3.   Pride Month Bridge Controversy

Florida's decision to illuminate its bridges exclusively in red, white, and blue from Memorial Day to Labor Day has sparked significant controversy and disappointment among the LGBTQ+ community. The Florida Department of Transportation, under Secretary Jared Perdue, declared that the patriotic colors would replace the rainbow lights traditionally displayed during Pride Month. This shift is part of the "Freedom Summer" initiative, which also affects other observances such as Juneteenth and Mental Health Awareness Day, as reported by Kaycee Sloan from Tampa's NBC News Channel 8 and NPR's WUSF.


In response to the state's decision, residents in Jacksonville took it upon themselves to light the Main Street Bridge in rainbow colors using flashlights, demonstrating their support for the LGBTQ+ community. On June 1, locals gathered at Friendship Park and illuminated the bridge with rainbow hues, a grassroots effort that was captured and shared on social media. This act of protest highlights the community's resilience and determination to celebrate Pride despite official restrictions, as detailed in the above news report by News4Jax.


4.   Leviton Achieves Carbon Neutrality in Oregon Facility

Leviton has announced that its facility in Tualatin, Oregon, has achieved carbon neutrality, a significant milestone in the company's broader environmental goals. This achievement is part of Leviton's commitment to achieving company-wide carbon neutrality by 2030 and Net Zero Carbon by 2050. Since 2001, the Oregon facility has focused on engineering and manufacturing energy-efficient commercial lighting controls and submetering solutions, contributing to the reduction of the company's environmental impact.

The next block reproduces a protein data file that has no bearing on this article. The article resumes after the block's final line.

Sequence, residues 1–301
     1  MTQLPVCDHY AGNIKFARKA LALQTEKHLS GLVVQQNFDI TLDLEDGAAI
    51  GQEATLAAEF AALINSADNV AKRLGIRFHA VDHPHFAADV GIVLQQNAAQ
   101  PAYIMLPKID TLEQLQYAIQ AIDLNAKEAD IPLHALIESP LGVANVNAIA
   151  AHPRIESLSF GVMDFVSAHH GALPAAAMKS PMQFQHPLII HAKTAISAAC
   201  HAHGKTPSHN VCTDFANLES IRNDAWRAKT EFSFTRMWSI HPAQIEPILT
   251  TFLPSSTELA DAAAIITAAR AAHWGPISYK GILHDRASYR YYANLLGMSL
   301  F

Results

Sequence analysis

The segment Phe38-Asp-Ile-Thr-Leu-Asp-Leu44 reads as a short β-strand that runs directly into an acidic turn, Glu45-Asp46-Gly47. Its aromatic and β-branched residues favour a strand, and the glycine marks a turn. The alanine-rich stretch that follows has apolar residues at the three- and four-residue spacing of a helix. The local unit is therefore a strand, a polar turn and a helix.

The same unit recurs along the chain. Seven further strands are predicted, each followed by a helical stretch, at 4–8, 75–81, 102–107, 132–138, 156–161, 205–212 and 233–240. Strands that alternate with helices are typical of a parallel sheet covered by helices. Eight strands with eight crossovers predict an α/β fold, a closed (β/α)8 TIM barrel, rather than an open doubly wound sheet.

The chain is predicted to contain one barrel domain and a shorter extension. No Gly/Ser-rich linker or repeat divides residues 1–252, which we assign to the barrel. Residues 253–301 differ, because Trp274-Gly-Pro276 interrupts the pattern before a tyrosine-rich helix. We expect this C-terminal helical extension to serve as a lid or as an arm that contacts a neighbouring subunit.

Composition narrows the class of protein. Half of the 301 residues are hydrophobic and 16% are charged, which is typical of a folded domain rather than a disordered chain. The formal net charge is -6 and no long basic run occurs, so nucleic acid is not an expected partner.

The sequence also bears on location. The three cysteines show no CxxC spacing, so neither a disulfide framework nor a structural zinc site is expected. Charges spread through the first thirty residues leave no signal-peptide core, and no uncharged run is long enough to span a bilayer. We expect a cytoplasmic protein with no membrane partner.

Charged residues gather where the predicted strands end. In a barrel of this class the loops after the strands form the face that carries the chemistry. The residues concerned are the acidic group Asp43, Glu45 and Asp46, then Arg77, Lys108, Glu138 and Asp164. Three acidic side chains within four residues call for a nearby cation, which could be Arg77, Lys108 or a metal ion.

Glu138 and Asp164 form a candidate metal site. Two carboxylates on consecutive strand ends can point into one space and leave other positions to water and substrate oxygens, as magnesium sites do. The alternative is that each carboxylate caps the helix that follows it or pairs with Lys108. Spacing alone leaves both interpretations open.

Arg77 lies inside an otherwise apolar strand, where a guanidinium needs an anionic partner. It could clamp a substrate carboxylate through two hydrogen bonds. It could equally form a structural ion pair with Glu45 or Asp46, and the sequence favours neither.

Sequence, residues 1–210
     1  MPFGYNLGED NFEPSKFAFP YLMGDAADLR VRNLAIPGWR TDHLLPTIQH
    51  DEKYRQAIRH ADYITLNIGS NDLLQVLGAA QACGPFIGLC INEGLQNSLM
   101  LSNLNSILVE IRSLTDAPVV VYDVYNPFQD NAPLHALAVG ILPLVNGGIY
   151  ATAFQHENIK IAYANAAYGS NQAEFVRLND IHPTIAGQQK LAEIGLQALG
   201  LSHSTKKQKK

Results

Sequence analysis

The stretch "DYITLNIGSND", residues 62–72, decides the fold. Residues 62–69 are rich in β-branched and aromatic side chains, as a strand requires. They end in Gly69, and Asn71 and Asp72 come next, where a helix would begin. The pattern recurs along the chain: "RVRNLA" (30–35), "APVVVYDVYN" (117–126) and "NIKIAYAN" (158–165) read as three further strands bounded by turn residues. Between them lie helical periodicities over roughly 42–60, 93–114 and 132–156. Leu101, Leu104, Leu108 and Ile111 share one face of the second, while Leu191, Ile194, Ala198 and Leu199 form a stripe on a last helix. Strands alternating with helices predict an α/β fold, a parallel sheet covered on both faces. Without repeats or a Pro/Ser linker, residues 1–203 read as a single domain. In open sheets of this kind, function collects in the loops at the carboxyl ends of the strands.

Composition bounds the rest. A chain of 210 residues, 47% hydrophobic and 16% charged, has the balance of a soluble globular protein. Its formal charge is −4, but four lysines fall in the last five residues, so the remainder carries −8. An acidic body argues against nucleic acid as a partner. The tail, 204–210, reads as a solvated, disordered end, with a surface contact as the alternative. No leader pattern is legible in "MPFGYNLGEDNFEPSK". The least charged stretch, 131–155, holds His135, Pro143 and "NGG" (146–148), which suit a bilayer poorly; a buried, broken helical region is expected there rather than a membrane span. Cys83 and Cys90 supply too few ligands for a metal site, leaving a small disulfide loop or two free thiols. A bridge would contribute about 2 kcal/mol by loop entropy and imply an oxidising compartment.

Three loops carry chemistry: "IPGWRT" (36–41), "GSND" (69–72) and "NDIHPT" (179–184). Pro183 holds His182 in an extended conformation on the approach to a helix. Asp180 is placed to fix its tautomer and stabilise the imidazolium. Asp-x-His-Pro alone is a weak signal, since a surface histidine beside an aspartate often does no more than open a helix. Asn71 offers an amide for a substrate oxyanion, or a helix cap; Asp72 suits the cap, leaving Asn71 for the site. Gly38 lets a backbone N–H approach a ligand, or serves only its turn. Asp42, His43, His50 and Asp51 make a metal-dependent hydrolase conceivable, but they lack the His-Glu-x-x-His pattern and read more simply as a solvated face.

Tom Leonard, vice president and general manager of Leviton Lighting & Controls, emphasized the importance of this accomplishment, noting it as a pivotal step towards a more sustainable future for the community.

Leviton first established its presence in Tualatin, Oregon through the company’s acquisition of NSI/Colortan in 1999.


Learn more »


5.   Documentary Highlights Light Pollution and Bird Migration Challenges

"Lights Out Texas" is being featured at various events and museums across Texas, with screenings also available for private events. The documentary explores the centuries-old migration patterns of birds navigating the Texas skies, highlighting the adverse effects of light pollution on their natural instincts. By blending applied science and conservation efforts, the film showcases how reducing light pollution can significantly aid these migratory birds.

Produced by the Cornell Lab of Ornithology, "Lights Out Texas" emphasizes the vital role of science and community action in bird conservation. The film utilizes data from the US weather surveillance radar network and advanced machine learning to reveal new insights into bird behaviors. It highlights the collective efforts of conservation organizations, government agencies, and the private sector in mitigating light pollution.


Learn more »